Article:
Wednesday, October 28, 2009

et tu, new york times?

Jerry Seinfeld once famously quipped: "Isn't it amazing that everything that happens on a given day just fits the pages of the New York Times?"

Does that mean, in Seinfeld-speak, that come December less and less will be going on? At first fear, yeah. But a quick look at some numbers makes you think, well, maybe not.

We'll start with the backstory. According to a piece in the New York Observer last week, the gray lady is cutting 100 jobs by December 7:

It's the first time the Times has had to cut jobs since 2008, when they also cut 100 jobs. Earlier this year, reporters and editors voted to cut their salaries, in the hope that newsroom cuts could be avoided. Mr. Keller said today's decision "is happening sooner than anyone anticipated."

The paper has a newsroom of approximately 1,250 people.

Buyouts are the first option, and if they don't reach 100 volunteers, the paper will resort to layoffs.

You can read a copy of the letter editor Bill Keller sent to his staff via the link above. The Observer gets the goods.

As it did today, getting its hands on a copy of the entire 61-page buy-out package, which supplies names, numbers -- and a revealing look at the number of folks employed to put out the paper of record. Take a look:

Editors at the Book Review: 14

Reporters at Metro: 50

Size of the Opinion/Editorial Department: 49

Size of Sports Desk: 57

Critics in the Culture
Department: 18

Editors at The Times Magazine: 21

Average age of the Obituaries Desk:
58 years old

Size of Thursday Styles: 7

Size of Business Desk: 85

Size of Washington Bureau: 45

Size of the Dallas Sales/Advertising Staff: 4

Size of Week in Review: 5

Total size of Art Department: 113

Size of Dining: 5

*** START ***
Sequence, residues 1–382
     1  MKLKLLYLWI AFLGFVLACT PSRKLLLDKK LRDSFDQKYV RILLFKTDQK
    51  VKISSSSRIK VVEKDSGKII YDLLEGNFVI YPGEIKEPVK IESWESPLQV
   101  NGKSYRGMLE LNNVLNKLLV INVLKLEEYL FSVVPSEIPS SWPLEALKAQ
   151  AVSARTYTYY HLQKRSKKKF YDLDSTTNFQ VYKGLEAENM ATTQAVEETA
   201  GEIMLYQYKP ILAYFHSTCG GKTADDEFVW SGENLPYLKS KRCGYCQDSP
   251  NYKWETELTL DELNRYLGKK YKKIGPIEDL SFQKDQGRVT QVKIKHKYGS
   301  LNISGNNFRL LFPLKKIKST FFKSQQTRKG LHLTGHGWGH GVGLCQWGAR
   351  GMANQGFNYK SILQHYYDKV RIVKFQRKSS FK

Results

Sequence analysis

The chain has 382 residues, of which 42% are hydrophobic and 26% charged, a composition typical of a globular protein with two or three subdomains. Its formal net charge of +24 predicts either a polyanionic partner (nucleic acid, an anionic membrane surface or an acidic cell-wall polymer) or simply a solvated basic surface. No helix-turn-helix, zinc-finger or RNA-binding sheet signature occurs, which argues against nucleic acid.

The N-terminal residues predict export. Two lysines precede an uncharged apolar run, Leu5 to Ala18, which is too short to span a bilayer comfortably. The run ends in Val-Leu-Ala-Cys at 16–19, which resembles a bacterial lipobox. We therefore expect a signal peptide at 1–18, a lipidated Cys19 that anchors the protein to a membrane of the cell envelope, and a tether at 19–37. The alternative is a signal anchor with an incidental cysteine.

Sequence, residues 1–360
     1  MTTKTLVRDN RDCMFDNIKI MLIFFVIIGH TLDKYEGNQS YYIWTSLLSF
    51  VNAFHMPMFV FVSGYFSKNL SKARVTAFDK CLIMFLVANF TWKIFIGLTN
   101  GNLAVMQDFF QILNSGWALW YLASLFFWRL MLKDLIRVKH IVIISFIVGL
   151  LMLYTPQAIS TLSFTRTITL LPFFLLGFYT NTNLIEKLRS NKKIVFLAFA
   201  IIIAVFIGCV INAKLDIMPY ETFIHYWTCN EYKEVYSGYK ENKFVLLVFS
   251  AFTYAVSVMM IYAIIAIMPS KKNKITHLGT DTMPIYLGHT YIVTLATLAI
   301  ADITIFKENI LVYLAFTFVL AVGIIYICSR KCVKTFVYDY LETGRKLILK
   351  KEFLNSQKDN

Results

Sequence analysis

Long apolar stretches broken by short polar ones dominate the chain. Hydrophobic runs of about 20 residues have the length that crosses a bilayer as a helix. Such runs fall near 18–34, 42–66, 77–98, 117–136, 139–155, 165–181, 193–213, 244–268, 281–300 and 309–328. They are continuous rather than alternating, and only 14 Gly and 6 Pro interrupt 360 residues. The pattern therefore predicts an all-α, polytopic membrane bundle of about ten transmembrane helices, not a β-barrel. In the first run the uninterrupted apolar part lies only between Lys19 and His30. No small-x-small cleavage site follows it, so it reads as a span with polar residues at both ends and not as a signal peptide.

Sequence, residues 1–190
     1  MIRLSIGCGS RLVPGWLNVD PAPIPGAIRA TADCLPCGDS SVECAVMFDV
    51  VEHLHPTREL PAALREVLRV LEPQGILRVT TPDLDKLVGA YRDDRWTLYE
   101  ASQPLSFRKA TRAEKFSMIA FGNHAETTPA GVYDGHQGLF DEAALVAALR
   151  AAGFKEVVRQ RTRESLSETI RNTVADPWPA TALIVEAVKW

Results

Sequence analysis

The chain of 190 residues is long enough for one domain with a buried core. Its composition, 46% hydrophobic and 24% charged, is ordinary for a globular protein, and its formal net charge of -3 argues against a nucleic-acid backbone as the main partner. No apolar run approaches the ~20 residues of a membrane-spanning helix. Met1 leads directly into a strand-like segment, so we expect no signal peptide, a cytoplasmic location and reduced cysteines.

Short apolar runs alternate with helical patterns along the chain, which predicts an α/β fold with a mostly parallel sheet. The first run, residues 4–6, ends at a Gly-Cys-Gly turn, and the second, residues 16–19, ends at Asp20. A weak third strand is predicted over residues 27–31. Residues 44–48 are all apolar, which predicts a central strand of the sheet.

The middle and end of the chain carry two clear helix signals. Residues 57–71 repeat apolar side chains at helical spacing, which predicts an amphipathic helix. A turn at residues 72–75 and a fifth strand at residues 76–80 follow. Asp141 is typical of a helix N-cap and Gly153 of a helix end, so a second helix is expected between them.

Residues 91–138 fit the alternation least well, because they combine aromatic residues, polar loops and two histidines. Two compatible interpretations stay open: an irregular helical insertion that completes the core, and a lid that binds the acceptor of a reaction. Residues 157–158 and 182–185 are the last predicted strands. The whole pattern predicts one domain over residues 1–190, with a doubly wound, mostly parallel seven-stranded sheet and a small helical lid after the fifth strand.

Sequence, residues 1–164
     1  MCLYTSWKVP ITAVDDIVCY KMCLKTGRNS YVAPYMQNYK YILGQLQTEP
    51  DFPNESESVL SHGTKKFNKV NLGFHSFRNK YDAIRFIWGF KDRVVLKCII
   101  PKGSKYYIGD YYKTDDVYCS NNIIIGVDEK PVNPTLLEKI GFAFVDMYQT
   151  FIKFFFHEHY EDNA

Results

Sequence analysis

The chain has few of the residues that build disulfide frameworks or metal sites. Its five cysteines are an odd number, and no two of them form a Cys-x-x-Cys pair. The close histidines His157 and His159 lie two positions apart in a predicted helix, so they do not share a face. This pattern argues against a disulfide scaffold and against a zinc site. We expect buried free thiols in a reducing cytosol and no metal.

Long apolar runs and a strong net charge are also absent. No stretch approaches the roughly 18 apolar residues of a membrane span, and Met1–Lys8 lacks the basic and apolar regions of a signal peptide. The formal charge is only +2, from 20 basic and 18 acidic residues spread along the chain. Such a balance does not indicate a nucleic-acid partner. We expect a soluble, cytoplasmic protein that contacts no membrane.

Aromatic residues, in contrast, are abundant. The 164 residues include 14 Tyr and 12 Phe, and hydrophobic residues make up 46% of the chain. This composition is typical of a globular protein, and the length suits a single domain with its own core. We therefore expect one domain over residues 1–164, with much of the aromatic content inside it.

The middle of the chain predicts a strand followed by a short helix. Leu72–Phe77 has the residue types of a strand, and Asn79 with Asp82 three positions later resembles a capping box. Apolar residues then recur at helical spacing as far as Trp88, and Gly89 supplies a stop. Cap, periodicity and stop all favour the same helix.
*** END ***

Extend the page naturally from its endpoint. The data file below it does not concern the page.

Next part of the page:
Size of Metro: 103

Number of Pressman Journeymen at the College Point plant: 106

Newsroom layoffs and buyouts are always tragic. But 57 on the sports desk? bk

Monday, October 26, 2009

tweeting 101

Coming soon to a j-school near you: The art of the tweet. And not just for twits.

Okay, getting too cute.

Mashable reports that Australia’s Griffith University has made Twitter-Ed part of the curriculum for j-students. This is true. You gotta love this quote:

According to a senior lecturer at the University, “Some students’ tweets are not as in depth as you might like.” The solution? Make Twitter writing practice a compulsory part of the course curriculum for would-be journalists.

No depth in 140 characters? Imagine that.

According to the report, the university cooked up the class in response to employers who want hires who do social media -- and know how to tweet.

Now we've all heard that Twitter has provided up-to-the-second dispatches during disasters and important global events. But I just can't imagine a job listing that reads: Reporter: Provide resume, clips and tweets.

On the other hand, how stoked would you be if you were a j-kid and were required to write, oh, a 20-word final? bk

Friday, October 23, 2009

Copyedit this! AP Style with a side of silly

Finally. A reason for learning all those tedious AP Style rules: in-jokes. If you are on, you can catch up-to-the-minute antics from the Fake AP Stylebook folks. All of it, tongue-in-cheek.

A favorite:
While it's tempting to call them "baristi" because of the Italian roots, the plural of "barista" is "journalism majors."
HEADLINE WRITERS: Avoid adding LOL and OMG gratuitously.
This is pretty good, too:
If you start a sentence with an action, place the actor immediately after or you will anger Christian Bale.
And this:
Do not use "nonprofit" as an adjective. Use "broke."
Many of the tweets are in response to questions from fellow twits. To play, go here. bk

Monday, October 19, 2009

all the news that fits?

Interesting dish from Baynewser on the San Francisco Bay Area's new non-profit news site -- and the New York Times plan to go local in San Francisco. According to the story, though the NYT"promises that readers will get 'local stories as only The Times can report them,'" there is talk that the actual reporting may be, er, outsourced: